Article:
The Romanian Army of World War 2 (1939-1945) utilized a variety of foreign-born weapons during its participation as a member of the Axis powers. This inventory included German rifles and Czech light machine guns as well as various submachine gun types. It was decided at some point to design and develop an indigenous submachine gun weapon for mass production and serial issue to which work began in 1941. The design of the weapon involved Czech Leopold Jasek and Romanians Nicolae Sterva and Army Captain Marin Orita. The new submachine gun went on to bear the Captain's name as the "Orita Model 1941". Despite its designation, it was not adopted until 1943 with manufacture handled by Uzinele Metalurgice Copsa Mica si Cugir (UMCMC).
The Orita became the first locally-designed and produced Romanian submachine gun.
The Orita Model 1941 (or "M1941") appeared in line with submachine guns of the period - some of its design approach seems to have been influenced by the German MP38. A single-piece wooden stock made up most of the slim profile of the gun and integrated the forend, pistol grip, and shoulder stock as one complete unit. The metalwork was inlaid with the barrel protruding a good distance away from the center mass of the weapon. The submachine gun was fed from a 32-round detachable straight box magazine inserted into a port well ahead of the trigger group. The trigger was slung under the action in the usual way and featured a side-to-side safety button set just ahead of the trigger guard. A large changing handle was set to the right side of the gun's body. Sighting was through an iron front and rear arrangement though the rear unit was considerably oversized and graduated out to 500 meters. It also lay well ahead of the operator's face along the top of the receiver. Effective range was closer to 200 meters and muzzle velocity reached 1,315 feet per second. The cartridge of choice was the ubiquitous 9x19mm Parabellum German pistol cartridge.
The Orita seems to have appeared in large numbers for the Romanian Army during its wartime years. The guns were well-finished products though the drawback being their generally overall expensive production costs - typical of many first-generation/prewar submachine guns like the MP38 and M1 Thompson. In practice the weapons were well-received and reliable, allowing them to see frontline issue well beyond the war years. One version - the Model 1948 - appeared with a folding metal tubular stock to promote a more compact profile as well as the wooden solid stock option. Issuance of the Orita continued into the 1970s before the type was abandoned in full - in favor of a locally produced variant of the famous Soviet Kalashnikov AK-47 assault rifle, the "Pistol Mitraliera Model 1963/1965".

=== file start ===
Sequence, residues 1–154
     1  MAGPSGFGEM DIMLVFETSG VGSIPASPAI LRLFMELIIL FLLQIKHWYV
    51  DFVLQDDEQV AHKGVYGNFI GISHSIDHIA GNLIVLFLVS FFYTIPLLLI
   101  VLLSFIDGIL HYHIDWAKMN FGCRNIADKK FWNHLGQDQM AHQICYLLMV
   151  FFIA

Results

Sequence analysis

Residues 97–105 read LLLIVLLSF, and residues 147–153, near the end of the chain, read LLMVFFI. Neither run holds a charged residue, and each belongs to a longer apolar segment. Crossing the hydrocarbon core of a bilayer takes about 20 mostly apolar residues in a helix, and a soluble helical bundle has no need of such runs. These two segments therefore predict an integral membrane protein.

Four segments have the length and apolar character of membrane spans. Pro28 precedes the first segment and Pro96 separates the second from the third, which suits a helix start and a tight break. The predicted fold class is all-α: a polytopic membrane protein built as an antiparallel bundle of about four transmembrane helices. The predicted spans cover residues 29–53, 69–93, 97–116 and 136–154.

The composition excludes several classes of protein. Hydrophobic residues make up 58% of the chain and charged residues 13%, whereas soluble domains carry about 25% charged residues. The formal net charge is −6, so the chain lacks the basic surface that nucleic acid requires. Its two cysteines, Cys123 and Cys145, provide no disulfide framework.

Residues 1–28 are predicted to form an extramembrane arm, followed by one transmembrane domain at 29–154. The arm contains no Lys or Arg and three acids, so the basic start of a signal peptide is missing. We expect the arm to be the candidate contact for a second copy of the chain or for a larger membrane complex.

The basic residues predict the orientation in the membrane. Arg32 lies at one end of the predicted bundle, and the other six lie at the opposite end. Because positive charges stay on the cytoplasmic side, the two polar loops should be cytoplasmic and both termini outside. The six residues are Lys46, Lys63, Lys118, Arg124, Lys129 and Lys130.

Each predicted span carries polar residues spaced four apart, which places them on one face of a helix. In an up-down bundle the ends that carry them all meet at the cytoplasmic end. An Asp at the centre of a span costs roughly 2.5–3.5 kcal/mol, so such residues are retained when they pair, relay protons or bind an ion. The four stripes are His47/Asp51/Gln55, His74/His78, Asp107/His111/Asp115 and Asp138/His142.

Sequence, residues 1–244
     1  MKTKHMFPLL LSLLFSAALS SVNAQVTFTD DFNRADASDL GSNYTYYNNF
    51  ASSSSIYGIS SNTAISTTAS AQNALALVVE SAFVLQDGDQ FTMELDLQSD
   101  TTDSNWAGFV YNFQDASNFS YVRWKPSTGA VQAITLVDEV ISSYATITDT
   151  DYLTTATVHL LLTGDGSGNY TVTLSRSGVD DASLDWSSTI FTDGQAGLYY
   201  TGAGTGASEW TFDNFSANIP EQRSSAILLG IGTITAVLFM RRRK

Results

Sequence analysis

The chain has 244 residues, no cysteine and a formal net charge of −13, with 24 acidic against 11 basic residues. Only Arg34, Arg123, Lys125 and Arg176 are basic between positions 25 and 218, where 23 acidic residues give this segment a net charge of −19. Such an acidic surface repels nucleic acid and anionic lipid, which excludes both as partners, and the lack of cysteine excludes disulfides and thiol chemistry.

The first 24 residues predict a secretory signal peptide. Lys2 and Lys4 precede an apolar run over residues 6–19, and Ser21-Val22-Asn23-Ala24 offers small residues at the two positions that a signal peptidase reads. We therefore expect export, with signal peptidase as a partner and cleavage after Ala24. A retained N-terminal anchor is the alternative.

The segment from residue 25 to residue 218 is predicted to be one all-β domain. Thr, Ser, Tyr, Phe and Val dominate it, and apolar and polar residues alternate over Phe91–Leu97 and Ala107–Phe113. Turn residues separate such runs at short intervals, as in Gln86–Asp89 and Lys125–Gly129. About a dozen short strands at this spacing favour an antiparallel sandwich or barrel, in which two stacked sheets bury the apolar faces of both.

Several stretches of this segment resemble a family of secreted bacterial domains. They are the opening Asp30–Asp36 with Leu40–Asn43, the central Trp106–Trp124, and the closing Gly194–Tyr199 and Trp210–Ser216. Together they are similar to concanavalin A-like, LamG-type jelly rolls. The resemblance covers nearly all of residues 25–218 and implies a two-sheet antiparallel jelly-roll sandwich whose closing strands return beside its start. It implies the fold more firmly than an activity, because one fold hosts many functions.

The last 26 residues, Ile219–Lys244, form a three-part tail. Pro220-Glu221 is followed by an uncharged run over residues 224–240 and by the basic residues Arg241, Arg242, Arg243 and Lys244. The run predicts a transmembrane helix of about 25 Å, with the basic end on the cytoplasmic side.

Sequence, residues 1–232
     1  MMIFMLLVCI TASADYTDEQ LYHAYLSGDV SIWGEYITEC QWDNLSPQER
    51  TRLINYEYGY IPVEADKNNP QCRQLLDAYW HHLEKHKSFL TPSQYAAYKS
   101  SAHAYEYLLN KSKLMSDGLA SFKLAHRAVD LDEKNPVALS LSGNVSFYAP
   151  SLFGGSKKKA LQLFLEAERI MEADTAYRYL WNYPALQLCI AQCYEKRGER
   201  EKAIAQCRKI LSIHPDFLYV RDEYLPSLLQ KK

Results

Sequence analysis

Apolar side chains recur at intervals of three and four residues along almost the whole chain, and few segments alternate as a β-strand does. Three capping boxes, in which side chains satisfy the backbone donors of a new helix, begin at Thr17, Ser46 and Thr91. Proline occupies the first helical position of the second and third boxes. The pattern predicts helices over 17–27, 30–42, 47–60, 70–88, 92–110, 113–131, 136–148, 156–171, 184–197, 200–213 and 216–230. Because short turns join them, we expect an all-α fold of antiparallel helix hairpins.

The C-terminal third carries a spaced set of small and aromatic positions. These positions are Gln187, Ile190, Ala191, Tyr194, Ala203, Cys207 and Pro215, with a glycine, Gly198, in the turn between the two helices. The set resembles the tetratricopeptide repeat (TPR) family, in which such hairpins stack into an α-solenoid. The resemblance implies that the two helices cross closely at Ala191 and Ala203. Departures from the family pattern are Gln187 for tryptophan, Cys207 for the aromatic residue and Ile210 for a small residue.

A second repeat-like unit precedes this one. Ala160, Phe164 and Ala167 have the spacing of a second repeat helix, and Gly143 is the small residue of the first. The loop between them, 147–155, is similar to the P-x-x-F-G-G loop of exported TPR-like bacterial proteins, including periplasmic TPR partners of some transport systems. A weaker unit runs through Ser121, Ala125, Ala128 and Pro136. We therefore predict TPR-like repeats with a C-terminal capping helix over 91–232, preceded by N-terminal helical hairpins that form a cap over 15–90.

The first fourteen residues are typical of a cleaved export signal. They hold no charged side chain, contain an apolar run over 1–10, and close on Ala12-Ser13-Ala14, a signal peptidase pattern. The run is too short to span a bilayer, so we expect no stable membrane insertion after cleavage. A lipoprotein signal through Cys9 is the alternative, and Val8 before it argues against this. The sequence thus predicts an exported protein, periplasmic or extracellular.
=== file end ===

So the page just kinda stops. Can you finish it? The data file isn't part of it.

(OPERATORS list includes past, present, and future operators when applicable)
894 mm 35.20 in
278 mm 10.94 in
7.61 lb 3.45 kg
Iron Front and Rear
Blowback; Automatic Fire
Gas pressure from the rearward movement of the ignited cartridge case provides the needed bolt movement, ejecting the spent case and stripping a fresh case from the magazine.
(Material presented above is for historical and entertainment value and should not be construed as usable for hardware restoration, maintenance, or general operation - always consult official manufacturer sources for such information)
Rounds / Feed
32-Round Detachable Box Magazine
*May not represent an exhuastive list; calibers are model-specific dependent, always consult official manufacturer sources. **Graphics not to actual size; not all cartridges may be represented visually; graphics intended for general reference only.
655 ft (200 m | 218 yd)
1,315 ft/sec (401 m/sec)
Model 1941 - Base Series Designation; model of 1943
Model 1948 - Post-war mark with folding metal tubular stock or solid, fixed wooden stock.
Ribbon graphics not necessarily indicative of actual historical campaign ribbons. Ribbons are clickable to their respective campaigns / operations.
The "Military Factory" name and MilitaryFactory.com logo are registered ® U.S. trademarks protected by all applicable domestic and international intellectual property laws. All written content, illustrations, and photography are unique to this website (unless where indicated) and not for reuse/reproduction in any form. Material presented throughout this website is for historical and entertainment value only and should not to be construed as usable for hardware restoration, maintenance, or general operation. We do not sell any of the items showcased on this site. Please direct all other inquiries to militaryfactory AT gmail.com.
Part of a network of sites that includes GlobalFirepower, a data-driven property used in ranking the top military powers of the world, WDMMA.org, the World Directory of Modern Military Aircraft, and SR71blackbird.org, detailing the history of the world's most iconic spyplane.